Twitter’s latest owner, tech billionaire Elon Musk is threaders (British Military slang for feeling angry or fed up) with Facebook (Meta) Founder and Chief and Instagram owner Mark Zuckerberg.
All because Zuckerberg has recently launched a new social media app to rival Twitter called Threads.
At first, these two appeared to be no more than playful rivals, with Musk challenging Zuckerberg to a cage fight, but this rivalry has got a little darker of late.
Their tactics for securing their ongoing reign as social media King are starting to get dirty.
Zuckerberg recently used his Twitter account for the first time in eleven years to tweet about the launch of his new app, Threads, while Musk is instead taking the approach of legal action and has claimed he will sue Meta.
Twitter has accused Meta of ‘poaching’ former employees to create its app. In a tweet about the news, Elon Musk wrote: “Competition is fine, cheating is not.”
Lawyers for Twitter reportedly sent a letter to Meta chief Mark Zuckerberg, accusing the company of intellectual property theft. In the letter, Twitter lawyer Alex Spiro allegedly wrote: “Twitter intends to enforce its intellectual property rights strictly. And demands that Meta take immediate steps to stop using Twitter trade secrets or other highly confidential information.”
Zuckerberg’s approach, however, has been viewed by many as more playful than Musk’s.
He posted a meme on his Twitter profile that poked fun at the similarities between Threads and Twitter. As of writing this, the meme has been viewed 34 million times!
Threads launched on Wednesday, 5 July, and shares many of Twitter’s key features, allowing users to post text-based updates featuring up to 500 characters, photos, and videos.
It is now available to download on a mobile phone in over 100 countries, including the UK, but not yet in the EU because of regulatory concerns.
As of today (7 July), Threads has already attracted more than 30 million sign-ups!
“Our vision is to take the best parts of Instagram and create a new experience for text, ideas, and discussing what’s on your mind,” Zuckerberg said in an Instagram post on Wednesday, 5 July.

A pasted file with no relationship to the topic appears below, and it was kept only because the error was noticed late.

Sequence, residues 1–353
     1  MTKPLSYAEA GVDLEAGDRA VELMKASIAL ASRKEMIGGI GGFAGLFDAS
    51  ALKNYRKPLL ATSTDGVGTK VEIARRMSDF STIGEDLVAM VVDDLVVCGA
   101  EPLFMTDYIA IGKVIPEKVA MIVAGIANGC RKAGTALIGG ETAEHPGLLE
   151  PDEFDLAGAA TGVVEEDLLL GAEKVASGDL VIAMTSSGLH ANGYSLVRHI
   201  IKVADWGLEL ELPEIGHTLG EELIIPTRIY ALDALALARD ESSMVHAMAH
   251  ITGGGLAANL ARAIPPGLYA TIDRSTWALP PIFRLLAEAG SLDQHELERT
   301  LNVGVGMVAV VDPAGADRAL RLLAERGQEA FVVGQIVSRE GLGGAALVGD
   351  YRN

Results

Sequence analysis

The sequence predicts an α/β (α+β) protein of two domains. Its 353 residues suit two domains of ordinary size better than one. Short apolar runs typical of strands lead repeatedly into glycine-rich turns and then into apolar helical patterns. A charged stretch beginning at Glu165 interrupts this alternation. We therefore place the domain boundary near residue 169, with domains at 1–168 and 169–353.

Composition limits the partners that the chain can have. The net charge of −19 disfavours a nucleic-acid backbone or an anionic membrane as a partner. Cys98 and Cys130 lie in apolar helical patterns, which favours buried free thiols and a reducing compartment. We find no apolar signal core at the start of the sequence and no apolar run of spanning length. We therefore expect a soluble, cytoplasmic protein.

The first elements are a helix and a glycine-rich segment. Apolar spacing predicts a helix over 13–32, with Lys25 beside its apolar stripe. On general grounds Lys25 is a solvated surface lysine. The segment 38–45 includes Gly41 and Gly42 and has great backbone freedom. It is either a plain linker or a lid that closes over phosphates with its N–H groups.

“I think the world needs this kind of friendly community, and I’m grateful to all of you who have been part of Threads from day one.
“It’ll take some time, but I think there should be a public conversations app with one billion+ people on it. Twitter has had the opportunity to do this but hasn’t nailed it. Hopefully, we will,” he wrote.
In this article, we will deep dive into the new app and discuss whether it’s worth signing up.
The app is linked closely to Instagram (as you might expect, being that Zuckerberg owns that channel too). If you have an Instagram account, you can quickly and seamlessly launch a Threads account too. If not, you’ll need to go through a registration process.
However, a word of warning. If you decide Threads is not for you and choose to deactivate your account, if you signup via your Instagram account, it will deactivate/delete your Instagram account too!
To avoid deleting your Instagram account, if you decide Threads is not for you, don’t deactivate it. Simply change your privacy settings to private.
So let’s start with the good, the bad and the ugly of the new app, Threads.
Threads is more than just a text app
On Threads, you can post up to 500 characters and add up to ten images, videos and a carousel (ten images and one video) per post. There is, however, yet to be an option for gifs. So if you love communicating with gifs, this might not be right for you right now.